Illegally excavated statue returned to Libya - Museums Association

Illegally excavated statue returned to Libya

Museums help identify and return rare funerary statue in long-running repatriation case
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Rebecca Atkinson

A rare 2,000-year-old marble statue has been returned to Libya after being seized by Boarder Force officials at Heathrow airport as an illegal import.

The statue, believed to be depict the Greek goddess Demeter or her daughter Persephone, has been the subject of a long-running repatriation case involving the British Museum and museums in Libya.

In 2013, staff at the London museum were asked to help identify the object and alerted HM Revenue and Customs (HMRC) as only a handful of these sculptural types are found in museums or private collections outside of Libya.

It realised that the fresh surface of the statue was characteristic of marble that had only been out of the soil for a few years – suggesting that it could had been illegally excavated and exported from its country of origin, possibly following the upheavals of 2011.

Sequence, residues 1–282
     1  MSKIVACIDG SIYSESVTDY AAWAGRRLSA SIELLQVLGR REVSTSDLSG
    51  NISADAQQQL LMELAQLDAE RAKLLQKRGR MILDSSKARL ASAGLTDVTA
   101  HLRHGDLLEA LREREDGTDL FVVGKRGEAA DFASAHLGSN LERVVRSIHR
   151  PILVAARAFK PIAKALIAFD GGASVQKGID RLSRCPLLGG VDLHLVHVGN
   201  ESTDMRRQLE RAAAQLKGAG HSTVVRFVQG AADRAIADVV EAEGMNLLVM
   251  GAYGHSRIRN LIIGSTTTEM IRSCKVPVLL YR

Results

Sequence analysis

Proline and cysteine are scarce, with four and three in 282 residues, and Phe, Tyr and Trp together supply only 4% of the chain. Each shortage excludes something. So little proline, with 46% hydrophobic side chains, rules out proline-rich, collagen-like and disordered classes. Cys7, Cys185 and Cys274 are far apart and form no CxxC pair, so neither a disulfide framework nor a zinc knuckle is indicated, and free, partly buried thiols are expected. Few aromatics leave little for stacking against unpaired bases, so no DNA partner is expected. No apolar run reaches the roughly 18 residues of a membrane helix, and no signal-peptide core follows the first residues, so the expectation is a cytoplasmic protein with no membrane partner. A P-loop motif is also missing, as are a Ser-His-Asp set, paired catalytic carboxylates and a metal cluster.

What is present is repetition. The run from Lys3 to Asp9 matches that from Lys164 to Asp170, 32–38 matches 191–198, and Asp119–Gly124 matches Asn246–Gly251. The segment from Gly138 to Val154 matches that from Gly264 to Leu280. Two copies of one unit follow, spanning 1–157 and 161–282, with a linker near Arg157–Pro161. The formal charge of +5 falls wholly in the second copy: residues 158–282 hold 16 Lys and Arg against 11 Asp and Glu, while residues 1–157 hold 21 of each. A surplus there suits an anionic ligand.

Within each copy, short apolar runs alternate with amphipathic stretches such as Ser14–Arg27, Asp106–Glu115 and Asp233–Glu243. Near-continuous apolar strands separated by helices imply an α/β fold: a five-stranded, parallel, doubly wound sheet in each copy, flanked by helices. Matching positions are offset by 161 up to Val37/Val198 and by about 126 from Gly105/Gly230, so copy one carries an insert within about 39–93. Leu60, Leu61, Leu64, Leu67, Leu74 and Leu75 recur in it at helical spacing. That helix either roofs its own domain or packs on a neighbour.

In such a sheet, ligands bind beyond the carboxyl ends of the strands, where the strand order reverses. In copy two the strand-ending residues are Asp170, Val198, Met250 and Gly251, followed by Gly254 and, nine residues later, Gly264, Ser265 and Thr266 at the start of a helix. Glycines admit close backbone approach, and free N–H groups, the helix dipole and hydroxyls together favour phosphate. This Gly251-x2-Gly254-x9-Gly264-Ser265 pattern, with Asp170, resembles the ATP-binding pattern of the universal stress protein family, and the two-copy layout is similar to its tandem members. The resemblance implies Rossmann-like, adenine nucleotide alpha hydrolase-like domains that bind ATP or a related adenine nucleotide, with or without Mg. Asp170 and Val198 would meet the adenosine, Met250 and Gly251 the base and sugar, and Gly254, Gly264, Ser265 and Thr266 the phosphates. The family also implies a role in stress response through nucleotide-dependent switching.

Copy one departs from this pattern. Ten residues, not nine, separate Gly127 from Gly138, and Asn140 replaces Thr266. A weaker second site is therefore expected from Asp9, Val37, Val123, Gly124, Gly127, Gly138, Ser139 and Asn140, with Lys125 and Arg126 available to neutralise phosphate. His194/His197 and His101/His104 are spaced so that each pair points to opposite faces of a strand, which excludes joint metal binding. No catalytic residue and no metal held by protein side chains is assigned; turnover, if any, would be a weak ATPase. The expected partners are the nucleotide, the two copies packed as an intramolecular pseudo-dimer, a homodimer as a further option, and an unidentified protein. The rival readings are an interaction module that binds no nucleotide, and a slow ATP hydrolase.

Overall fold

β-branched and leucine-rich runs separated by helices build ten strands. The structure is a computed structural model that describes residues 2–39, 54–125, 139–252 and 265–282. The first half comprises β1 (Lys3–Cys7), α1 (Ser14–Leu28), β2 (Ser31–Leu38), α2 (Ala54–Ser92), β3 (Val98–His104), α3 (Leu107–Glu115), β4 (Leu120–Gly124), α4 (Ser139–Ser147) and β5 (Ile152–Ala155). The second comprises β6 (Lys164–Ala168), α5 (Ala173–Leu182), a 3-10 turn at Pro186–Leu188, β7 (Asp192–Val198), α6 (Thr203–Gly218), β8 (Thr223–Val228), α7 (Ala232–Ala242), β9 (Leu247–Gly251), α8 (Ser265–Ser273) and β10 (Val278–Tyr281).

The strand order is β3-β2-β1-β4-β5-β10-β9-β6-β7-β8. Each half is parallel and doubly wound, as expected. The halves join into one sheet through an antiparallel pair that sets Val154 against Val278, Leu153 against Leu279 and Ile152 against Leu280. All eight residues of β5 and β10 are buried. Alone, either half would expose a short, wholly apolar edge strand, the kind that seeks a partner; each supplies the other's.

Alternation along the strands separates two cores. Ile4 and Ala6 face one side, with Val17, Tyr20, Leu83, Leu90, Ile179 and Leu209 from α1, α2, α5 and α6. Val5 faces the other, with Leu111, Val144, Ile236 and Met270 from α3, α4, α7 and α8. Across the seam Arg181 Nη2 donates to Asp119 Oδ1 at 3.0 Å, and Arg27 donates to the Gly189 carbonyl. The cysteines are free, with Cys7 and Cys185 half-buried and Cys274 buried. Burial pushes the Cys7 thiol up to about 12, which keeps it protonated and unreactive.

The museum gave evidence for the prosecution at a subsequent court case in 2015, and the judge ruled that the sculpture was owned by “the state of Libya”. The statue has been stored at the British Museum since then but has now been transferred to the Libyan Embassy.


“The British Museum is absolutely committed to the fight against illicit trade and damage to cultural heritage,” said the British Museum’s director, Hartwig Fischer.

“I am delighted that we are able to assist in the return of this important object to Libya, via the Embassy in London. An important part of the museum’s work on cultural heritage involves our close partnership with law enforcement agencies concerned with illicit trafficking. This case is another good example of the benefits of all parties working together to combat looting and protect cultural heritage.”

The statue is a three-quarter length figure ending at the hips, a style largely produced by workshops in Cyrenaica, a region of ancient Libya settled by Greek colonists in the 7th century BC.

Most statues of this type have remained in museums in Libya, with several on display in Cyrene Museum and some in Tripoli’s National Museum.

This statue has snake bracelets and an offering in its hand, which the British Museum says makes it one of the rarest of the Cyrenaican funerary statues.

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